John Smallwood: Rookie Giroux showing Flyers he has staying power

Posted: March 11, 2009

THE ONLY thing less popular than trading right winger Scottie Upshall and a second-round draft pick to the Phoenix Coyotes was the reason why Flyers general manager Paul Holmgren decided to do it.

It wasn't that Holmgren felt left winger Daniel Carcillo was worth the price. In fact, most Flyers fans would have considered the deal a loser had it been Upshall for Carcillo straight up.

But the Flyers were so pushed against the salary cap that Holmgren needed the extra $350,000 - the difference between Upshall's and Carcillo's salaries.

Before the trade deadline, the Flyers had to sit defenseman Kimmo Timonen because he had the flu.

To bring a defenseman up from the Phantoms to replace him, the Flyers had to send dynamic rookie Claude Giroux down to create enough salary space.

Looking toward the season's stretch run, the Flyers knew that would continue if they lost any more defensemen.

Having Giroux potentially yo-yo between the NHL and AHL to make salaries work wasn't something the Flyers wanted to do.

So in a roundabout way, what the Flyers actually did at the trade deadline was move Upshall for Carcillo and gain the security of knowing they could keep Giroux on the roster should they have to replace another defenseman.

And the more you see of Giroux, the more you understand why the Flyers felt that was a good thing.

Although he's played just 27 NHL games, Giroux, 21, is showing that he is one of those "it" players - one about whom you say, "I'm not sure what it is, but whatever it is, he has it."

In the closing seconds of the first period in last night's 5-2 victory over the Buffalo Sabres, Giroux got a puck from Mike Richards and quickly snapped a marvelous pass across the goal mouth to Scott Hartnell who was streaking in on Sabres goalie Patrick Lalime.

Hartnell's goal tied the game at 1-1 and sent the Flyers on their way.

The play wasn't as pretty as Giroux's first NHL goal, the one he scored from a ridiculously sick angle against the Florida Panthers on Jan. 27.

But when it was done, it still made you exhale, "Wow."

"After you play a lot of games, you get more comfortable up here," said Giroux, the 22nd overall pick in the 2006 NHL draft. "It also helps when your linemates are playing well.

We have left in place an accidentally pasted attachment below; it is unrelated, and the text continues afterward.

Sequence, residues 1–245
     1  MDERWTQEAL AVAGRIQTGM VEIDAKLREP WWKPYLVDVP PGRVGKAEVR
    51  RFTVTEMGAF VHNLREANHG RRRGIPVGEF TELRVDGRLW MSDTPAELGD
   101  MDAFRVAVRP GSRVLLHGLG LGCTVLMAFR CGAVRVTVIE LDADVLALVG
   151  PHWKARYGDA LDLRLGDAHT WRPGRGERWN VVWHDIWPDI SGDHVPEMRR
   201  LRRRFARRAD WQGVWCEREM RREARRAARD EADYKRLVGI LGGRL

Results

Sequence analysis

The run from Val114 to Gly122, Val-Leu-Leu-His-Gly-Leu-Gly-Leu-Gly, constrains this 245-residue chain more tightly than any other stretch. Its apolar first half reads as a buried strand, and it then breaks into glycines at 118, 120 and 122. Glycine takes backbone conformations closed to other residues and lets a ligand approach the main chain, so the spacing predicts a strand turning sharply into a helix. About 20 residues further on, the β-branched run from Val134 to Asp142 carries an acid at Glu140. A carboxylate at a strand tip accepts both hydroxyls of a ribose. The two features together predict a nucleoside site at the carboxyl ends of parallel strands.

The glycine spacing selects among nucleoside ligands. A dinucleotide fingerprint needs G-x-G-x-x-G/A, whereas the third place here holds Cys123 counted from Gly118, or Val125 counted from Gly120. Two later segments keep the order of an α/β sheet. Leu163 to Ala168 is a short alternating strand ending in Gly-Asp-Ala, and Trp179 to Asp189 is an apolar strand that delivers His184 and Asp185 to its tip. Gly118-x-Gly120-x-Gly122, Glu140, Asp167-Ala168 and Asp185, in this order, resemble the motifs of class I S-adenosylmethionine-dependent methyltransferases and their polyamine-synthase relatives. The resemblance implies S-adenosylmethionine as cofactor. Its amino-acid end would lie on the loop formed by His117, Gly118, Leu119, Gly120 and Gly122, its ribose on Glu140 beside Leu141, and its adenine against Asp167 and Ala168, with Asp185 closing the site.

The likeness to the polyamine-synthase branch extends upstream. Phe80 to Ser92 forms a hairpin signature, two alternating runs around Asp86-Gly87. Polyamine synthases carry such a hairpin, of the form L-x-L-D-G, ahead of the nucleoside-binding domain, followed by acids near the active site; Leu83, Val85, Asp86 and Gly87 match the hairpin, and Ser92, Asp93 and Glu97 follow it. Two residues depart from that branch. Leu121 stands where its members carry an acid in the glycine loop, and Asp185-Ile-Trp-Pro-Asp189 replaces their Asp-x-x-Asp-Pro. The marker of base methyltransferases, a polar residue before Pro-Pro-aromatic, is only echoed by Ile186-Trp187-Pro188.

"Right now, I'm just working hard, trying to add some energy to our team and help any way that I can to create momentum. Right now, it's working. Obviously, I still have a lot to work on, but I'm just trying to go to the rink every day and get better."

On a team with an NHL-leading six players with at least 20 goals, the Flyers certainly aren't lacking in scorers.

Still, a team can never have enough guys who snap a net.

And if Giroux can replicate even a semblance of the production he had last season - when he set a Canadian junior hockey league record by recording 51 points (17 goals and 34 assists) in 19 playoff games for Gatineau of the Quebec Major Junior Hockey League - he will be valuable to the Flyers as they finish the last 17 games of the regular season and head into what they hope will be a long run in the Stanley Cup playoffs.

"Since he's been up, he's made some plays that kind of wow you a little bit," coach John Stevens said. "He's working on becoming a better defensive player, but what I like is that if he makes a mistake, he can still bounce back so that a bad shift doesn't turn into a bad period."

Again, on a team as deep with offensive players as the Flyers, Giroux isn't yet a guy they have to rely on for production. But he has shown flashes of brilliance, enough that the organization knows he is a player it wants to keep around for the experience to be gained from being in a playoff race.

"That's what I'm trying to do," said Giroux, who has five goals and eight assists. "I want to prove to them that I can stay up.

"Every game, I'm trying to improve and show them that I am actually getting better each game. I think I can keep going like this. I just have to have the right attitude."

It appears that the opportunity is certainly going to be there. *

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